Documents of 20th-century Latin American and Latino Art Home


Document first page thumbnail
Editorial Categories [?]

In this review of the opening of Gego’s exhibition at the Museo de Arte Contemporáneo [Contemporary Art Museum] in Caracas in 1977, Luis Lozada Soucre reports on the great, well-attended event. He quotes Marta Traba, and interviews people in politics, artists, critics, and members of the public, including Chancellor Simón Alberto Consalvi, the painter and printmaker Luisa Palacios, the sculptor Cornelis Zitman, the dancer Sonia Sanoja, the Brazilian critic Marc Berkowitz, the writer Oswaldo Trejo, and an unidentified architect. They all speak highly of Gego’s work and praise its poetic content. Sanoja expresses a desire to create a dance about Gego’s work in one of the rooms at the exhibition. The journalist also describes the look of restrained emotion on Gego’s face as she looked at the result of many long years of work.


The first great retrospective of works by the German-born Venezuelan artist Gego (Gertrud Goldschmidt, 1912–1994) was held in 1977 at the Museo de Arte Contemporáneo [Contemporary Art Museum] in Caracas. Established as one of the great creators of Venezuelan art when she presented Reticulárea at the Museo de Bellas Artes [Museum of Fine Arts] in Caracas in 1969, she now presented a collection of what she had been working on since then: a series of Reticuláreas, Chorros [Streams], and Esferas [Spheres] which deserved attention and an exhibition of this nature. These works place Gego’s language as among the most original and paradigmatic forms of expression to be found—not just in Venezuela, but throughout Latin America.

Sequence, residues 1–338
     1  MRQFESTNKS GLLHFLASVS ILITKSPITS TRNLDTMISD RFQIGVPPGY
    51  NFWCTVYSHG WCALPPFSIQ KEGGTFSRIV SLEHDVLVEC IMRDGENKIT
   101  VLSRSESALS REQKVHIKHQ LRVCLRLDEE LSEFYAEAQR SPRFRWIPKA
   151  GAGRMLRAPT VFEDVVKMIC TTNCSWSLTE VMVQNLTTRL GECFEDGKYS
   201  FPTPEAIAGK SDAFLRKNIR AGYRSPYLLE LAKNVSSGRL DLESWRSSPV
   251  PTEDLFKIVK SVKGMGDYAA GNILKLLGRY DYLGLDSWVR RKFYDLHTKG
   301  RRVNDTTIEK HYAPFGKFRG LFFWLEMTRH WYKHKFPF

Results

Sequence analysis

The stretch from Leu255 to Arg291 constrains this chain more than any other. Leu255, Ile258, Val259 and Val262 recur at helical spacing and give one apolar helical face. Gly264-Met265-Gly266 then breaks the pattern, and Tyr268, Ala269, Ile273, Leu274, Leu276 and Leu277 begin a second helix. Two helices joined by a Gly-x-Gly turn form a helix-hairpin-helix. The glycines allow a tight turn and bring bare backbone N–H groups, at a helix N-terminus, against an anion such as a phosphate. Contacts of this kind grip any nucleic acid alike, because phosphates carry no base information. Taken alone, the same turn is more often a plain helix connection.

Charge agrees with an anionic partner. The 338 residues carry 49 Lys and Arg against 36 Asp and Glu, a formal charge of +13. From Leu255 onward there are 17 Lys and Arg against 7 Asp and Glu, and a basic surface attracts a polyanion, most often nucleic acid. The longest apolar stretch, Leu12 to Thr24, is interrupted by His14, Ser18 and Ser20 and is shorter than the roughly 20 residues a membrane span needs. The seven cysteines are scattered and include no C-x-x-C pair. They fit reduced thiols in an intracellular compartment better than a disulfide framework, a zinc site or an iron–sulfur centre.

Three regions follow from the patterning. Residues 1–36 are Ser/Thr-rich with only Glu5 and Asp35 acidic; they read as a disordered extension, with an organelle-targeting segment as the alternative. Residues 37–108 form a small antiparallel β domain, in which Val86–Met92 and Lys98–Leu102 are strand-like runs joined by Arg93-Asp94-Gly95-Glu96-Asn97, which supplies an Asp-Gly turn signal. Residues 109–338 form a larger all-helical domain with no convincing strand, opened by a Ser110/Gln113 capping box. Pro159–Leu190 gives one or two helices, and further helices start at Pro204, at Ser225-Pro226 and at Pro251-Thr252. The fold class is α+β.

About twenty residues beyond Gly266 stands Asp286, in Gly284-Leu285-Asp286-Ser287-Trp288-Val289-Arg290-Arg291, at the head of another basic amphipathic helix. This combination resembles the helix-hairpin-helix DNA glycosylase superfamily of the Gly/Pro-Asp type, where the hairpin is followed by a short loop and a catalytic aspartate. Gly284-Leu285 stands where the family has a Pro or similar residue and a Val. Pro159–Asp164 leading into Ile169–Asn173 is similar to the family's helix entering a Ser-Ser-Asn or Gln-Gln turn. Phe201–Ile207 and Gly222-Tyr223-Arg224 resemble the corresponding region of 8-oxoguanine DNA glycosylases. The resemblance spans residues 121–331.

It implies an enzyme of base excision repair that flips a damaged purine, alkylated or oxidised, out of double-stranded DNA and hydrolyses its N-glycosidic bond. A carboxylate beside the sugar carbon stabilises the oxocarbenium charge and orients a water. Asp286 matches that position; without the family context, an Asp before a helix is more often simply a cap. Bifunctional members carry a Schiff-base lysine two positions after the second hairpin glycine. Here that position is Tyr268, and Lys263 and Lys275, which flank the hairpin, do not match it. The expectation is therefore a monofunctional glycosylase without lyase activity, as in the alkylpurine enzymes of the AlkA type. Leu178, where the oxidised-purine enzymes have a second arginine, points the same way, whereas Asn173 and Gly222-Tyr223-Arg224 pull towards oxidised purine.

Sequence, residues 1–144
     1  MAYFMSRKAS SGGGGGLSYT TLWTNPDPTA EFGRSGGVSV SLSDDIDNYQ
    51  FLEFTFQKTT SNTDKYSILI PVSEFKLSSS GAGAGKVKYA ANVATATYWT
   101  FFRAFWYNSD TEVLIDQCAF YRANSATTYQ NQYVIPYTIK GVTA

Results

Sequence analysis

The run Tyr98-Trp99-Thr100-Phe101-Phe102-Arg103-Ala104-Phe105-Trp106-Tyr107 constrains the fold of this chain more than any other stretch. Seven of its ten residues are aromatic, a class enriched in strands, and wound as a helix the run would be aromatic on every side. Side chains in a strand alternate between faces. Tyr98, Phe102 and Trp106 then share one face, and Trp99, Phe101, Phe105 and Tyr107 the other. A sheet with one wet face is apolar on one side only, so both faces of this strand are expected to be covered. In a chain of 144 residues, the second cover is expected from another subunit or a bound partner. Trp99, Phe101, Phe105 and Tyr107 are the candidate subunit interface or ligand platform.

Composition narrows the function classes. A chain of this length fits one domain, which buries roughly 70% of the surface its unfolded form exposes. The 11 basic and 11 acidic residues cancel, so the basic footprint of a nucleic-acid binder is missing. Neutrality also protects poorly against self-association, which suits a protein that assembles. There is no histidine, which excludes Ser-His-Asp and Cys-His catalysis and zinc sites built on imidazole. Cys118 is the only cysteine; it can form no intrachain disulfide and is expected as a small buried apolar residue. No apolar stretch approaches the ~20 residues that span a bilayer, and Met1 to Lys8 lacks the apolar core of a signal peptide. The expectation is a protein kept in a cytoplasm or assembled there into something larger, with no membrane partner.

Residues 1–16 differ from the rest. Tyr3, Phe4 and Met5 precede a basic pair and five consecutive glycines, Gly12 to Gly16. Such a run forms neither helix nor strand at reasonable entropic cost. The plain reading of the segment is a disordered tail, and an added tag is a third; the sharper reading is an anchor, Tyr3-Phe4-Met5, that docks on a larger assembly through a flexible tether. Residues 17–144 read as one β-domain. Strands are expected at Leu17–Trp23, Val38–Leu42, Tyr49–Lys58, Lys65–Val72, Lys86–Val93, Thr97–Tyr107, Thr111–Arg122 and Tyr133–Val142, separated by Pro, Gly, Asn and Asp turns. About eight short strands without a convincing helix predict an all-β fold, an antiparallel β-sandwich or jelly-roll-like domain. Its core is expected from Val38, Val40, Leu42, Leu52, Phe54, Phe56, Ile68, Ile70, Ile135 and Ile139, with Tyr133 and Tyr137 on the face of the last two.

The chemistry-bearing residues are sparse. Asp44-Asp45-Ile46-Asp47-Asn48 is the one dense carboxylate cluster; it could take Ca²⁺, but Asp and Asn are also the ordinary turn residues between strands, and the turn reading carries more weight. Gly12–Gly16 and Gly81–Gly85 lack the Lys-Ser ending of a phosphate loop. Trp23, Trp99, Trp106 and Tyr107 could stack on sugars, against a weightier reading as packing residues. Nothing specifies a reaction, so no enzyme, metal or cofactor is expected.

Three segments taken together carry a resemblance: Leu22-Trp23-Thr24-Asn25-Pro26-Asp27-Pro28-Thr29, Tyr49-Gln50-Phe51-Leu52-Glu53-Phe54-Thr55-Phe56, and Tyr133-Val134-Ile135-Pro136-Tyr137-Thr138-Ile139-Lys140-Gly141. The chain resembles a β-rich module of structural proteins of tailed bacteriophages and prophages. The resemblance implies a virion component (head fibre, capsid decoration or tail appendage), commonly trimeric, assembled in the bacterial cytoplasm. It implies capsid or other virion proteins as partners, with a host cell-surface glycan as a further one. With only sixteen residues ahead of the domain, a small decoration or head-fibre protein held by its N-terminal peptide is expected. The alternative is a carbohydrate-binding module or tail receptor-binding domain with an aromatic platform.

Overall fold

Beyond its relevance as a cultural and social commentary that documented a well-attended event, this article conveys the strong admiration and acknowledgment of Gego’s intellectual and artistic peers, in spite of favorable views held of kinetics in official circles and among certain critics who saw in these works another Venezuelan contribution to international art. The journalist starts by quoting Marta Traba, then goes on to present the opinions, albeit brief, of key people in the Venezuelan visual arts and literary community at the time, such as the painter and printmaker Luisa Palacios (La Nena), the Dutch-born Venezuelan sculptor Cornelis Zitman, the writer and poet Oswaldo Trejo, and the Brazilian critic (who was visiting Venezuela) Marc Berkowitz. The wish that Sonia Sanoja had expressed to the journalist came true and she presented Coreogegos on October 9 later that year.


It is true that Gego was practically ignored, as Traba so well describes, by another school of critical thought represented by Alfredo Boulton, an admirer and promoter of the work of Jesús Rafael Soto, Carlos Cruz-Díez, and Alejandro Otero. In other words, the perspective that Traba had been criticizing for years, was mentioned by the journalist Luis Lozada Soucre at the beginning of his review.

María Elena Huizi
Fundación Mercantil, Caracas, Venezuela
Cortesy of Luis Lozada Soucre, Caracas, Venezuela